Disney-Pixar’s Coco, directed by Lee Unkrich and co-directed by Adrian Molina, has won the Oscar for best animated feature.

A Pixar animated film won the animated feature Oscar for the ninth time – and the Walt Disney Company won the award for the 10th time in 11 years.

The streak matches Walt Disney’s Oscar wins for best animated short in the first 11 years of the award (1931-1942) when his studio won 10 times. Following that streak, the Academy broadened its perspective on the art form and began to acknowledge the creative expression of non-Disney filmmakers. In the following 25 years, the Disney studio won just once.

It’s been a similarly slow start with the Academy’s animated feature category (since its inception, 71% of all the awards in the category have been presented to the Walt Disney Company). While history tells us that the Academy has managed to break out of this rut once before, time will tell when the Academy finally starts to treat animated features as seriously as it does live-action features, recognizing animation as the rich and diverse art form that those of us who love it know it to be.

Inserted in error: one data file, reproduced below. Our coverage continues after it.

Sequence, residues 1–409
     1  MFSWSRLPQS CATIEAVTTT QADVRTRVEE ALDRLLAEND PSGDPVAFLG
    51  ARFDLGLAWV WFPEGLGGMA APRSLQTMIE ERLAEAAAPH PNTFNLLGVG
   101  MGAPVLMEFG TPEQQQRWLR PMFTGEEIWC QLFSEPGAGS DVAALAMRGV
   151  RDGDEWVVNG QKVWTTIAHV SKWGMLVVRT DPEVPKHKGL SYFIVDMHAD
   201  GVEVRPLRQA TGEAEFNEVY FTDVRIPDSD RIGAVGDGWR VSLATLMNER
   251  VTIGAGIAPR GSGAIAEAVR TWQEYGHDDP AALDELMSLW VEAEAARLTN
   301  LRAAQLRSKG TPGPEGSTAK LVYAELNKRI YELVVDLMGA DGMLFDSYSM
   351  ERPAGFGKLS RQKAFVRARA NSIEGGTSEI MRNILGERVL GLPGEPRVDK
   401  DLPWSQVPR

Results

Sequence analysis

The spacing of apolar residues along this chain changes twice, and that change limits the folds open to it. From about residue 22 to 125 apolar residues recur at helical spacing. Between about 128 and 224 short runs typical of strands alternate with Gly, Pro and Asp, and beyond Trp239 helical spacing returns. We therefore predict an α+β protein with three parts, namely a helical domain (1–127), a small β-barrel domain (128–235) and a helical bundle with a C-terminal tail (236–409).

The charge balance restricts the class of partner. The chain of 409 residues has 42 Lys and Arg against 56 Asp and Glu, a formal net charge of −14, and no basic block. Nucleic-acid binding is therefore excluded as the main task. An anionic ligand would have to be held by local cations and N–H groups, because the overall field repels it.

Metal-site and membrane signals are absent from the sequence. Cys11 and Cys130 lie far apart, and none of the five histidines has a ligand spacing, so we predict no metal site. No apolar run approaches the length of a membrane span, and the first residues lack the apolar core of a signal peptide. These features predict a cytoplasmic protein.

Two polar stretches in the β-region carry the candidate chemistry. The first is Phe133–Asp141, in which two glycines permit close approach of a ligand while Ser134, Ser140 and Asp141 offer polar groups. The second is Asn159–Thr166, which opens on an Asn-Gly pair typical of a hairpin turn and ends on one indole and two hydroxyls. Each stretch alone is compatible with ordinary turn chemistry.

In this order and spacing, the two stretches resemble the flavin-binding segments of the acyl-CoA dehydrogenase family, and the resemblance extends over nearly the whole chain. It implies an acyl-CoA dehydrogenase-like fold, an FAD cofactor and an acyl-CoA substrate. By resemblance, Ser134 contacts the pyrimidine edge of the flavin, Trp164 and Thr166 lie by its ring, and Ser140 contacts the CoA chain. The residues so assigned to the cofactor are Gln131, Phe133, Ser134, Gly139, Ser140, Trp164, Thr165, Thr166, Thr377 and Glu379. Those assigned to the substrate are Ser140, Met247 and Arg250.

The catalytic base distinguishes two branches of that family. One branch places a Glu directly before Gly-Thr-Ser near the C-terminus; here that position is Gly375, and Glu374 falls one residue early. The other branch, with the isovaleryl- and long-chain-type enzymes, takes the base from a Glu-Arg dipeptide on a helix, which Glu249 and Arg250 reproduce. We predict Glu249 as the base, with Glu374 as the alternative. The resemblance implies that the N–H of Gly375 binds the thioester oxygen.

In the animated short category, the winner was Dear Basketball, marking the first time that a person who has had rape charges filed against them won the best animated short Oscar.

The other nominees in the category were Garden Party (dir. Gabrielle Grapperon, Victor Caire), Lou (dir. Dave Mullins), Negative Space (dir. Ru Kuwahata, Max Porter), and Revolting Rhymes (dir. Jakob Schuh, Jan Lachauer).

Director Theodore Ushev, who was nominated for an animated short Oscar last year for Blind Vaysha, commented on tonight’s curious Oscars where the executive producers of both the winning animated feature (John Lasseter) and short (Bryant) have been accused of sexual misconduct:

In the visual effects category, Blade Runner 2049 edged out the favorite, War for the Planet of the Apes, to win the Academy Award. John Nelson, Gerd Nefzer, Paul Lambert, and Richard R. Hoover accepted the award.